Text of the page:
in the off position, the door can be opened without tripping the camera - an important
factor in setting things up, testing, or using the door during daylight hours when
we don't need to have the trap set."
"Where will the camera be placed?"
"Back inside this box to protect it from the weather. The lens will be focused
on the door, and when the solenoid trips the shutter, the synchronized flash will
light up the whole area, providing us with a fine 'mug-shot' of whoever or whatever
is fooling with the door."
Carl walked slowly around, studying the layout from all angles.
"I see only one thing wrong," he finally remarked. "If the prowler is human,
the firing of the flash bulb is bound to show him where the camera is. What's to
prevent his taking camera, evidence, and all along with him?"
"That's using the old hat-rack!" Jerry applauded. "Since it's my camera, that
worried me, too. But I've got the solution right here." As he said this, he reached
down into the cardboard carton and pulled out an electric bell. "This bell will
be connected across the line cord going to the solenoid. It'll be behind the micro
switch but ahead of the toggle switch. That way it'll start to ring as soon as the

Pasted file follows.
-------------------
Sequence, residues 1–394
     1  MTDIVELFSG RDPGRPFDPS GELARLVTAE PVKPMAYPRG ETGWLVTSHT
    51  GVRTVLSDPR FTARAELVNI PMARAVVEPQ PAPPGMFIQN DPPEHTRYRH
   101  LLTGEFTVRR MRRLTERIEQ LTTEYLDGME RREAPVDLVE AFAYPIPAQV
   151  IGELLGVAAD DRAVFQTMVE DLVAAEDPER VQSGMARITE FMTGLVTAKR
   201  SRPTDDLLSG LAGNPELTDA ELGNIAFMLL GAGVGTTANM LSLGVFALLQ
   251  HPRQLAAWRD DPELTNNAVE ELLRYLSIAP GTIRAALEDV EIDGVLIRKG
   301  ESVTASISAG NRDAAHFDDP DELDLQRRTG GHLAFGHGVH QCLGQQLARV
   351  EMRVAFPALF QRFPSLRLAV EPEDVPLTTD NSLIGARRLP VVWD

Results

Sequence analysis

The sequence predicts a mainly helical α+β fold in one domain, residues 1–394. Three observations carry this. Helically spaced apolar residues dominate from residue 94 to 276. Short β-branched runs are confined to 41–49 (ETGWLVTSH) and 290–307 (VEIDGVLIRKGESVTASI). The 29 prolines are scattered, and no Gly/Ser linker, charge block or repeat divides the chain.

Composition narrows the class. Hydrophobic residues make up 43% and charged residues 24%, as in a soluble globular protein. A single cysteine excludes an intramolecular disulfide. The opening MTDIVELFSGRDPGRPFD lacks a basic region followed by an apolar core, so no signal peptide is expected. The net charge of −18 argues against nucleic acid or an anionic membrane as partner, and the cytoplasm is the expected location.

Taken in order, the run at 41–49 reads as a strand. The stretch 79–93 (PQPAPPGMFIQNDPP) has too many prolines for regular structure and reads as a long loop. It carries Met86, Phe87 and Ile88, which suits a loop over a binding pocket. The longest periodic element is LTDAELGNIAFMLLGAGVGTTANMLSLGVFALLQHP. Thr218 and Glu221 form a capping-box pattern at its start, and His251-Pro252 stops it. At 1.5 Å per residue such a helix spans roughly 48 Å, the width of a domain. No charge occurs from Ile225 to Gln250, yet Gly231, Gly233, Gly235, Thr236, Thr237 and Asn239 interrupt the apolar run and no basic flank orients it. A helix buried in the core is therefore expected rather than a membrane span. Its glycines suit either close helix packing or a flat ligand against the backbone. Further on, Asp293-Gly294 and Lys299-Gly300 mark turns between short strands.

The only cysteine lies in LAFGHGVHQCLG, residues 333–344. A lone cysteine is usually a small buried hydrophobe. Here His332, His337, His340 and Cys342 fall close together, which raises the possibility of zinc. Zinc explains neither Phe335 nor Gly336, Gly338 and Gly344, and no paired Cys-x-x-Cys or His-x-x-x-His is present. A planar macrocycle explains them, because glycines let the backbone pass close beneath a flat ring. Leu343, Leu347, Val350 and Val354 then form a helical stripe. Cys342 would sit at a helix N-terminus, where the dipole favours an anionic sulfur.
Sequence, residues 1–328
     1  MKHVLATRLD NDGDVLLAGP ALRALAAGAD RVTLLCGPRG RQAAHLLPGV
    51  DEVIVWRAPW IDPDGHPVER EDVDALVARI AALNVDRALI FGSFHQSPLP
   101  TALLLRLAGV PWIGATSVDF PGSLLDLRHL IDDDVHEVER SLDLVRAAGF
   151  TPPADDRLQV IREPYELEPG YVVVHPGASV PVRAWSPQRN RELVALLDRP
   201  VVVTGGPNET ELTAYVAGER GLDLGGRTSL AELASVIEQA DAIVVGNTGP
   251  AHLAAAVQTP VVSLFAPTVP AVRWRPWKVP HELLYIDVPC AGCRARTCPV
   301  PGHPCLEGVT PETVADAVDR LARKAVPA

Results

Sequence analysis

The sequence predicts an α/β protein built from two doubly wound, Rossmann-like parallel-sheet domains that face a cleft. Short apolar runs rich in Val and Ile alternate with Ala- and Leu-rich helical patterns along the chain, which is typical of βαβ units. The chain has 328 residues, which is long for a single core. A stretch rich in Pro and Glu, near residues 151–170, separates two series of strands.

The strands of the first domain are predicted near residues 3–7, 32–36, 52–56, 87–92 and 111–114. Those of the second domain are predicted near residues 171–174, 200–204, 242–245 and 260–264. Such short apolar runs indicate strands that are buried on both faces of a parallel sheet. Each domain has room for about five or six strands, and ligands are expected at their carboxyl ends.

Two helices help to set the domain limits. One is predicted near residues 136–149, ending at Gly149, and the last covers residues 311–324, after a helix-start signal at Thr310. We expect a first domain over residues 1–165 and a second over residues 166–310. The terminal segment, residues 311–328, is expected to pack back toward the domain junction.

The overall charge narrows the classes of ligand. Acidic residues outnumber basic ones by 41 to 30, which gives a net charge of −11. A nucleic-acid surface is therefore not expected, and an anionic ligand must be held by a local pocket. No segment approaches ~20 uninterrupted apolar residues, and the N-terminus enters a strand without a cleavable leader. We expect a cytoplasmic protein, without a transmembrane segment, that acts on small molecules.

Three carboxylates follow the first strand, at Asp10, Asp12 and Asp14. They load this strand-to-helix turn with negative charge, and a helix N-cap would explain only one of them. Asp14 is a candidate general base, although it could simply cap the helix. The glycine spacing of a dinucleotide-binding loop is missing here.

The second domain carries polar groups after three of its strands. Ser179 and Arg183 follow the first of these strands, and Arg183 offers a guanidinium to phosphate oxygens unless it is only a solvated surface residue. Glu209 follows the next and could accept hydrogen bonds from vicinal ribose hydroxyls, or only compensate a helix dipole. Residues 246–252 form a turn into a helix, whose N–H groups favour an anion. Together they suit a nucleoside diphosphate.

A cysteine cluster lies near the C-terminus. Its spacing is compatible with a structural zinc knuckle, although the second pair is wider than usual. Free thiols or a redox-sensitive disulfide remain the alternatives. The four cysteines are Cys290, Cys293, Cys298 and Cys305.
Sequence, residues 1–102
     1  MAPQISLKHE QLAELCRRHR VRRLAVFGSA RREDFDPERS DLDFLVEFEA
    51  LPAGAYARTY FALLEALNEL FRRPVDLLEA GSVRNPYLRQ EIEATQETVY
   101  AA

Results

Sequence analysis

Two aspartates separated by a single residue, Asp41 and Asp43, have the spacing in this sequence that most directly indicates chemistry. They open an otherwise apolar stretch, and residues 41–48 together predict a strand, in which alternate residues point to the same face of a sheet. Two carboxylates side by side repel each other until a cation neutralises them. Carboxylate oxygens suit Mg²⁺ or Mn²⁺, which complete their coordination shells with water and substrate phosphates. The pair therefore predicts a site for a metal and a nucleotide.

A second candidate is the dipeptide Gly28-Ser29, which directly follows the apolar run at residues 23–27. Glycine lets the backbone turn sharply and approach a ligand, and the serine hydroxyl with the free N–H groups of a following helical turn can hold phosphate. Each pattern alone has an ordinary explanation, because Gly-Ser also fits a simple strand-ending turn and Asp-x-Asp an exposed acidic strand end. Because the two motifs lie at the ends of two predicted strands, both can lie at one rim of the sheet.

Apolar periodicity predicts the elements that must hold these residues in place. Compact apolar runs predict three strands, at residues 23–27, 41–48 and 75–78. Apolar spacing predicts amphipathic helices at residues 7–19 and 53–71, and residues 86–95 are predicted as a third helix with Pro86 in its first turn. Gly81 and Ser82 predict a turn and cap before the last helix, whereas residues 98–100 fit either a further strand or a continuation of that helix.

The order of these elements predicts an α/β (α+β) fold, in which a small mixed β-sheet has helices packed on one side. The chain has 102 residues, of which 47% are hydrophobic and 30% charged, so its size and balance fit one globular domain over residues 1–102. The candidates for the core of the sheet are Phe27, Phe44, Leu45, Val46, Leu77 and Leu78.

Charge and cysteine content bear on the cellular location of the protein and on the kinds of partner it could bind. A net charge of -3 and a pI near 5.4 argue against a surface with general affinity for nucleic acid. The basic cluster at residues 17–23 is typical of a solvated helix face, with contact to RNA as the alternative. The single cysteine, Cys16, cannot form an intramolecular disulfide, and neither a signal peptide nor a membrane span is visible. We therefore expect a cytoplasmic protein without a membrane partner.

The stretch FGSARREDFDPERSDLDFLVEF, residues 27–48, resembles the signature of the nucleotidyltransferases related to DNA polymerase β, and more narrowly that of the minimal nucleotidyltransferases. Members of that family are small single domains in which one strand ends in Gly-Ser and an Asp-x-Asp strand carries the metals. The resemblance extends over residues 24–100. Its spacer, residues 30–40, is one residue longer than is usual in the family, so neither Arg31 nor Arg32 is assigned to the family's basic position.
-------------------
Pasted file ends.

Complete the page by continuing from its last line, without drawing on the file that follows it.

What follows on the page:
door is opened, and will keep on ringing until the door is closed or until we come
out and shut it off. Beast or human, it would have to be an iron-nerved character
to stick around with this bell clanging away."
With the plan clearly in mind, the boys set to work and completed the installation
in short order. They put the box housing the camera at one side of the door where
it would be most likely to get a good profile shot of anyone looking down at the
latch. When everything was in place, Jerry flipped the toggle switch on the camera
mounting board to off and plugged the line cord into a receptacle inside the building.
Instantly the electric bell began to ring loudly; but it stopped when the door was
closed. Jerry thrust a bulb into the flash gun mounted on the camera and called
to his uncle who was just going to the house with a brimming bucket of milk dangling
from each arm:
"Uncle Walt, will you want to go into the chicken house any more during the evening?"
"Nope, I'm all through in there; so you can set your trap. Then you boys come
on up to the house and wash up for supper. It ought to be about ready -"
After one more final inspection of the wiring, Jerry flipped the toggle switch